Thursday, March 26, 2015

Sixteen days on the road. Powdery peaks, Pinot Noir & perpetual motion.

Colorado and California. The two states I have spent the most time in other than my native Pennsylvania. Lived in California in 1971 to 1972 and then for 4 months in 1976 and 5 months in 1977. Moved again to the Bay Area in 1987 and left in 1994. Colorado was were I ski bummed for two successive winters in 1979 and 1980. Returned to finish my undergraduate degree at University of Colorado from 1982 to 1985. Every time I leave either state, I can't wait to return. Two diverse and incredibly beautiful places. Two very distinct but related mindsets. I can't seem to get enough of either place and every time I return, the list lengthens of places I still want to experience or revisit. Here's a cool tune: Rufus Wainwright's California
Mt. Audobon Colorado 1984, photo credit Jeffrey Z. Gilbert
Los Padres National Forest, California 1975, photo credit Kevin Bacon
This latest journey, which ended on Thursday March 12th, was propagated by my previous trip last spring. Visiting catering co-conspirator Damon Miele in Santa Barbara and hearing more about the event he runs, The World of Pinot Noir (WOPN), made me determined to work the next event, and if I had to volunteer to get there, then so be it. Last fall, Damon let me know that he wanted me to work and could pay me and take care of some expenses. Yes. A few months later, some of my closest friends from college decided to have a reunion the weekend before WOPN in Frisco Colorado with 4 days of skiing and catching up. A journey was born.
Damon, running the catering show on the USS NJ with Kathy & Sunny, 2001.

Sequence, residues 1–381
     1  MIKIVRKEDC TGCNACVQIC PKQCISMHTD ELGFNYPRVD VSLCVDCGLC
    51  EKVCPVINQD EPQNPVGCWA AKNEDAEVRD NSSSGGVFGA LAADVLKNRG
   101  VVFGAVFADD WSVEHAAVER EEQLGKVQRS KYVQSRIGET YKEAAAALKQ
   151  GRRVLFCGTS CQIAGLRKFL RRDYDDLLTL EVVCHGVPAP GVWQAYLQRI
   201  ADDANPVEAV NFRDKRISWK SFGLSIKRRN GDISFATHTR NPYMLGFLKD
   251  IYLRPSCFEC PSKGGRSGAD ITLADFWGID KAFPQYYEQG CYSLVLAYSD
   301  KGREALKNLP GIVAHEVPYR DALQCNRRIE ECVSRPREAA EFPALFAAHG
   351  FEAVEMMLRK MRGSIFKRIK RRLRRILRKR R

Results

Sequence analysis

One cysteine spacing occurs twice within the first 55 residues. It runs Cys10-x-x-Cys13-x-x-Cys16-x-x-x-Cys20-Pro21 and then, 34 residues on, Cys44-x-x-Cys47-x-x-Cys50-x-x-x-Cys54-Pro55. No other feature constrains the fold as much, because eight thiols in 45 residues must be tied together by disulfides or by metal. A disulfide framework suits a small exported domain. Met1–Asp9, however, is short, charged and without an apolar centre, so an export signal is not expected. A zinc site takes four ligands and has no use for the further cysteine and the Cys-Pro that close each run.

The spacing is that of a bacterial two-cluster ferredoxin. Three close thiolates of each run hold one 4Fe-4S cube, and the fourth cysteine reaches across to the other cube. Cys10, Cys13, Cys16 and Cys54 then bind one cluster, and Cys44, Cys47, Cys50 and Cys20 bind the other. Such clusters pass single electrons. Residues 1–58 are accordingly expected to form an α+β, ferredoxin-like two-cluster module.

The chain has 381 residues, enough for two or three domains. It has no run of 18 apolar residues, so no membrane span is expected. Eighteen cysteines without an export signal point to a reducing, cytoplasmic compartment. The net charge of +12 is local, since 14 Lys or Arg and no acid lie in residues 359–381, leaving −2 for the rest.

First stop Denver and a couple days with my daughter Katie. I was actually there for her last academic functions as an undergraduate, finals week of her last classes before her final trimester which is a working internship. Got to do one of my favorite dad things, cooking for Katie, I think I made 4 meals over 2 days. Great start to the trip. Took Denver's light rail system to Centennial to meet my very close friend Tim and ride with him to the mountains. We had been contemplating turning the ski trip into a golf trip in early February before the storms and cold began tracking through Colorado again. We checked in at Timmy's townhouse, and bee-lined for Copper Mountain, an old favorite ski area in Summit County. On the slopes by 1:30p, with a complimentary lift ticket (thanks dude from Vermont), I did my best to keep up with Tim, his altitude conditioned lungs, and his much closer to college weight. My technique is still there, but I was gasping for air and needed a hot tub desperately by the time we finished. The rest of the gang arrived that night and it was really an amazing reunion. Kicked myself for not making more of these trips in the past and resolved not to miss anymore. The rest of the guys reside in Seattle, New Mexico, Colorado, Vermont and NJ. All are good skiers, in shape, and within 10 lbs. of their college weight. Could I keep up for more than one run? I was able to hang for at least part of the first day with the main group and was quite proud of my ability and horrified at my lung capacity. We skied that Friday at Copper again and then headed to Vail on Saturday. By Sunday, my body said STOP. So I did. Hung out at the condo, hit the hot tub repeatedly, caught up on some work, and headed back to Denver with old pal Roger and back to Katie's the next morning.